EUROPE’S top diplomat in Zimbabwe has expressed concern over a new wave of land expropriations in the country, saying this has slowed down the country’s reform and re-engagement programme.
Phillipe Van Damme, head of the European Union (EU) delegation to Zimbabwe, said the new farm seizures undermined the country’s commitment to the international community that it would stop fresh land seizures and start rebuilding the ruined agricultural sector.
“On land, it’s clear that we’re concerned,” Van Damme said in an interview with the Financial Gazette at his Harare office.
“It’s a total anomaly that you invade productive farms when you have others that are idle, oversized and others hold multiple farms.”
He said Zimbabwe had pledged to stop new farms seizures in its re-engagement strategy presented to international creditors in Lima, Peru, in October 2015.
Zimbabwe indicated to the creditors that it would clear outstanding debt arrears amounting to US$1,8 million to three international financial institutions namely the African Development Bank (AfDB), World Bank group (WB) and the International Monetary Fund (IMF).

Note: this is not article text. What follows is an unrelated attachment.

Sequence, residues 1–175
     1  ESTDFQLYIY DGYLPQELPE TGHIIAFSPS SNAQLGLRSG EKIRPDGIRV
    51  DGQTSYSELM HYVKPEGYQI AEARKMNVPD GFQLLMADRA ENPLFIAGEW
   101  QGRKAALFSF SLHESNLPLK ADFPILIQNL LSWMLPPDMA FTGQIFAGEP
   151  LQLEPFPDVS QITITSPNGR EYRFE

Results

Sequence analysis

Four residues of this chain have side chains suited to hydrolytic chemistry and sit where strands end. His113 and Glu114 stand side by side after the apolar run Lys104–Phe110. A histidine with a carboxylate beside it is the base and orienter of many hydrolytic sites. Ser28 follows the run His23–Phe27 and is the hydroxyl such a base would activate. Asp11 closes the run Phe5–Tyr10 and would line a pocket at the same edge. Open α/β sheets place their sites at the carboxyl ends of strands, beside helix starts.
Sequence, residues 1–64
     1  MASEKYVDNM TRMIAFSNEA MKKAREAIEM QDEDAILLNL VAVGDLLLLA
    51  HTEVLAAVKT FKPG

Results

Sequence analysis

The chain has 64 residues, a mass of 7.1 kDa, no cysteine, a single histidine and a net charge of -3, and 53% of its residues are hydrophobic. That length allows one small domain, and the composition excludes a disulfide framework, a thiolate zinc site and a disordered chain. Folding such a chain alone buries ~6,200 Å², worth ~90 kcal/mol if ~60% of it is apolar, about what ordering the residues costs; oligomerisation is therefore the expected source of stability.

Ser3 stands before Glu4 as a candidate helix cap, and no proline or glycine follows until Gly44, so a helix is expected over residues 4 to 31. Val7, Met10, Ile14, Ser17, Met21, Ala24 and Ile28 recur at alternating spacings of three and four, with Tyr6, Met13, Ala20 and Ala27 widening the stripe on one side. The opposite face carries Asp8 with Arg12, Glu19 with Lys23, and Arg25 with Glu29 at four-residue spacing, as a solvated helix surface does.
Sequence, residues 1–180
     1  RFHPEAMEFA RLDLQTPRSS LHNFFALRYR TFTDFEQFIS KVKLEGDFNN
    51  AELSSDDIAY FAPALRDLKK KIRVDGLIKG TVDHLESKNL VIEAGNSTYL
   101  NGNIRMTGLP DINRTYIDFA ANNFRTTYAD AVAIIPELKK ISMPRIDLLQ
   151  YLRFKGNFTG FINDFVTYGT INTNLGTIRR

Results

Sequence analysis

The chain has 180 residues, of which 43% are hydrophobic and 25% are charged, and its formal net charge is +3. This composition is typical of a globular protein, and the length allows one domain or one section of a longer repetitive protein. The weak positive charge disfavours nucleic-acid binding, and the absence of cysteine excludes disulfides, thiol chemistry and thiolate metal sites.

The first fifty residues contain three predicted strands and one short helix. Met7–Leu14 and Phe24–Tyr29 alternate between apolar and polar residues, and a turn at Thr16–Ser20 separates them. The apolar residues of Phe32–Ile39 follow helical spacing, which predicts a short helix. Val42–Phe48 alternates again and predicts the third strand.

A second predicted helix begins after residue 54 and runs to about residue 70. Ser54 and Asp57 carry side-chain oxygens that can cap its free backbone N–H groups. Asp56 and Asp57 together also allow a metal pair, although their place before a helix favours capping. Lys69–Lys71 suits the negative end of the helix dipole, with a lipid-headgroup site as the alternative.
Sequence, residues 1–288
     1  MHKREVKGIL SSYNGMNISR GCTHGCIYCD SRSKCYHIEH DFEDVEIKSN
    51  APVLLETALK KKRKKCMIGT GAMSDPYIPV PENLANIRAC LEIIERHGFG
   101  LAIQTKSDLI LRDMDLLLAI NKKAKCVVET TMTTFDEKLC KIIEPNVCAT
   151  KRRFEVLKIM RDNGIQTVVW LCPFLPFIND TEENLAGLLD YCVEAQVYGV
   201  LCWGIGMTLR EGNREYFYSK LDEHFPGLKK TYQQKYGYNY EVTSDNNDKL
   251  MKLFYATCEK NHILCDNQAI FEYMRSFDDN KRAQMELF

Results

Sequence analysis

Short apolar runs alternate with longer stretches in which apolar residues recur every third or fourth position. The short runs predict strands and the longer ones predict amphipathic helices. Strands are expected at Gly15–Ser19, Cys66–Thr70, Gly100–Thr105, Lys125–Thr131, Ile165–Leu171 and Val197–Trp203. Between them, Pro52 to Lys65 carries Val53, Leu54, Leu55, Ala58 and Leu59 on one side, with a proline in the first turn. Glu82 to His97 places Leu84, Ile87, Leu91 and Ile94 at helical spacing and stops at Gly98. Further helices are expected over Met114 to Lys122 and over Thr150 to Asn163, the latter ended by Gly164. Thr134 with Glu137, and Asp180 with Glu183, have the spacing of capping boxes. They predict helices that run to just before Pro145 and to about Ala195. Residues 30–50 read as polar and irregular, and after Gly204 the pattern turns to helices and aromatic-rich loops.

“In terms of this plan, new land invasions would be stopped,” said Van Damme, who indicated that current land seizures had “not followed the Constitution”, which stipulates that new land acquisitions would be made “for public purposes”.
“We’re concerned by unconstitutionalism and lack of respect for due process or sometimes even worse, contempt of court,” he said, talking about the expropriations.
He said all EU countries were agreed that the country’s land reform programme could not be reversed, but indicated that they had accepted Zimbabwe’s commitment to “bring to an end the land reform process”.
He said the pledge made by Zimbabwe in Lima had been repeated by Chinamasa at a meeting in March involving all stakeholders in the land reform process.
Apparently, government had publicly announced that the land reform programme should be finalised and that the new challenge was the restoration and preservation of productivity on acquired farms “in order to create real wealth and jobs”.
Reserve Bank of Zimbabwe governor, John Mangudya, who has been working with Chinamasa in the country’s re-engagement efforts, noted in January that bringing finality to the land reform programme would go a long way in addressing uncertainties that continue to adversely affect the agricultural sector from achieving its potential in transforming the economy.